A 6-year-old girl of partial Choctaw heritage was taken from a foster family in Southern California by social workers Monday under the Indian Child Welfare Act, despite efforts by her family and supporters to try to block the move.
Social workers arrived at the home of Rusty and Summer Page shortly before 3 p.m. local time to take the girl, named Lexi, so she can be placed with blood relatives in Utah, Fox 11 reported.
The move was made under the federal Indian Child Welfare Act, which was enacted in the 1970s to help protect the interests of Native American children. Lexi is 1.5% Choctaw, Fox 11 reported.
Under the watchful eye of various cell phone cameras, social workers stood outside the front door of the home while the family prepared for the girl's departure. Supporters outside the home sang "Amazing Grace.''
The girl loudly wept as Rusty Page carried her to a waiting car as supporters shouted "We love you, Lexi.'' Rusty Page quickly retreated back to his home where his other children were crying.
After the girl was driven away, supporters cried and gathered together in prayer.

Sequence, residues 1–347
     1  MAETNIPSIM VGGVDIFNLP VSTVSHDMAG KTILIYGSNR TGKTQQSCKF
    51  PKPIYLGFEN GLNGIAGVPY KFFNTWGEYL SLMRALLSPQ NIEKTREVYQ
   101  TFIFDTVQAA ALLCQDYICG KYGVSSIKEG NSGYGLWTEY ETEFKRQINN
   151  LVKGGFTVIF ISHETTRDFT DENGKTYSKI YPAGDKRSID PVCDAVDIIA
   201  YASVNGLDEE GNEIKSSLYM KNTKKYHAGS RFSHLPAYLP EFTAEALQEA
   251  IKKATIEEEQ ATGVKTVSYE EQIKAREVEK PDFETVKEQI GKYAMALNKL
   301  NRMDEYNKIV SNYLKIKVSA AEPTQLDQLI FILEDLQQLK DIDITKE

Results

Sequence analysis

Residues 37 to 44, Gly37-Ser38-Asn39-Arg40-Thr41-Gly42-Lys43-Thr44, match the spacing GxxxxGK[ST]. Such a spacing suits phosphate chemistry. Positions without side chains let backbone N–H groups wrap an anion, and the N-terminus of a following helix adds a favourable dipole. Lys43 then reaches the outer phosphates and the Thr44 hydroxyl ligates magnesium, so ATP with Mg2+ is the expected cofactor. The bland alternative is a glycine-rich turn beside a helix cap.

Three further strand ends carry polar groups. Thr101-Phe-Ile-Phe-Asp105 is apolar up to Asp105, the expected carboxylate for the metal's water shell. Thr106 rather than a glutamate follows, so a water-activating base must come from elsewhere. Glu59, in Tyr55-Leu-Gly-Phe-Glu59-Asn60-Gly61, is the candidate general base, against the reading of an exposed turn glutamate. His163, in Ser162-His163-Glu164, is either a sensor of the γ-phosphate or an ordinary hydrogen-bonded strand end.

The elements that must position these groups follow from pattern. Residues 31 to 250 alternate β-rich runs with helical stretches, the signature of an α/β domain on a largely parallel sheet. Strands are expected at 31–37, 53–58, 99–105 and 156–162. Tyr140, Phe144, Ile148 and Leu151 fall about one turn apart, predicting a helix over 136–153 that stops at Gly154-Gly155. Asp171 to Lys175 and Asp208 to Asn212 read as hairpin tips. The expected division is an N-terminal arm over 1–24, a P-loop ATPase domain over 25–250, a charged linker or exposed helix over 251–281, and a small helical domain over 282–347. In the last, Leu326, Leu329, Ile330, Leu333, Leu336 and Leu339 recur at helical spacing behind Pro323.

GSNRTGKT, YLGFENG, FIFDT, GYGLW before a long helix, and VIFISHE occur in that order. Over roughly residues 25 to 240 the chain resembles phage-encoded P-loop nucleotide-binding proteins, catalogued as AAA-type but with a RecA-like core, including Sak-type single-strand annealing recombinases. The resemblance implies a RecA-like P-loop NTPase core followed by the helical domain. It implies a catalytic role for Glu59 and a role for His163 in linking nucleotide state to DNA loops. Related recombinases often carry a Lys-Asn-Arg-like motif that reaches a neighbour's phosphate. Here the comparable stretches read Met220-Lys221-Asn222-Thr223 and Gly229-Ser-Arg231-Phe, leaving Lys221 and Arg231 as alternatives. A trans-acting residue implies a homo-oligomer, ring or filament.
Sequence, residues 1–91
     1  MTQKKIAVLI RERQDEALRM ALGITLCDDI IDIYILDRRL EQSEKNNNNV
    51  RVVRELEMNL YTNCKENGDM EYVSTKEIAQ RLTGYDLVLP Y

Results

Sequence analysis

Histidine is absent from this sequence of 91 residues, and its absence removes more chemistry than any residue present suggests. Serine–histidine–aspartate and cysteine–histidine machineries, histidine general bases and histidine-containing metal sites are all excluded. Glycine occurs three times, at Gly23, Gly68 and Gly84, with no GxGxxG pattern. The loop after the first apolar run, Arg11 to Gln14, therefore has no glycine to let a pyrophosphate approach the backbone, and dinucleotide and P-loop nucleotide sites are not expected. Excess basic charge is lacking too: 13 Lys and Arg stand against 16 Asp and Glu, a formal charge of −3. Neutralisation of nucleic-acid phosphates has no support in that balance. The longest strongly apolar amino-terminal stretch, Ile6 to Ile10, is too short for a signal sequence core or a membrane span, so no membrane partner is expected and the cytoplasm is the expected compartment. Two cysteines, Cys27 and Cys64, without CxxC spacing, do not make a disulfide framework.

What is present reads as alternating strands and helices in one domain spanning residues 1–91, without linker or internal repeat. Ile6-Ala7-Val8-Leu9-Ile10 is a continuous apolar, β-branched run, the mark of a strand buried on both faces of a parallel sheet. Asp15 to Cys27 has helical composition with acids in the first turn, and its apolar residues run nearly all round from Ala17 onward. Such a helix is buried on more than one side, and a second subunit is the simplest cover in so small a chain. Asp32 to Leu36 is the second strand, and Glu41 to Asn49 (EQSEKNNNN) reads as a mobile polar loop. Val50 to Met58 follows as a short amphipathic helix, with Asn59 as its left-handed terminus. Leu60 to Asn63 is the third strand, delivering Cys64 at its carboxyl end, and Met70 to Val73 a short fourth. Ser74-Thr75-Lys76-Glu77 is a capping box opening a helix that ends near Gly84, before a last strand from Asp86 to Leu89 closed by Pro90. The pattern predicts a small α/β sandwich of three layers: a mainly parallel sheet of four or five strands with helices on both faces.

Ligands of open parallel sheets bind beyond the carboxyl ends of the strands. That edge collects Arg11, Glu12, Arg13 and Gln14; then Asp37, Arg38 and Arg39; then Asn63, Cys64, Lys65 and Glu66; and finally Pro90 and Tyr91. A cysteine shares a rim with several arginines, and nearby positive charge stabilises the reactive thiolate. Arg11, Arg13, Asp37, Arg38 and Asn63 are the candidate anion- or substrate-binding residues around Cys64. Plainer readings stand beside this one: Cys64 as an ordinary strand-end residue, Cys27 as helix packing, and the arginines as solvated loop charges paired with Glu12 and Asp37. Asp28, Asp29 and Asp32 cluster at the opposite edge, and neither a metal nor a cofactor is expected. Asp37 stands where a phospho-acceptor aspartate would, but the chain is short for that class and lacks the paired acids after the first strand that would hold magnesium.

A sort time later, a distraught Rusty Page emerged from the home and pleaded for the girl's return. He said Lexi was telling him, "This is dumb, don't let them take me.'' He responded, "I have to because the county of L.A. said I had to.''
In a statement released late Monday, the Page family called Lexi's removal "devastating" and claimed that the Indian Child Welfare Act gives "absolute power to tribal leaders who judicially abduct children at-will[sic]."
In the last part of the statement, the Pages urged Lexi's Utah relatives to "search deep into your heart and soul and do what's best for Lexi. Do the right thing and bring Lexi back home."
The Pages say they've tried to adopt Lexi for more than two years.
"Lexi doesn't know another home. She finally knows what 'mom and dad' means and they want to take that away from her, and we can't stand idly by while that happens," Rusty Page told Fox 11.
The girl's biological mother reportedly gave up custody when Lexi was just 17 months old. Officials planned to send her to Utah where she would live off the reservation with relatives of her biological parents, Fox 11 adds.
On Friday, a court order lifted an emergency stay keeping Lexi with the Pages. "Often there are no easy solutions, but when a court makes an order, we must follow it," the director of the Los Angeles County Department of Children and Family Services, Philip Browning, told KCBS.
Tens of thousands of people have signaled their support for the foster family in a Change.org petition.
"The Choctaw Nation desires the best for this Choctaw child. The tribe's values of faith, family and culture are what makes our tribal identity so important to us. Therefore we will continue to work to maintain these values and work toward the long-term best interest of this child," the tribe told KABC.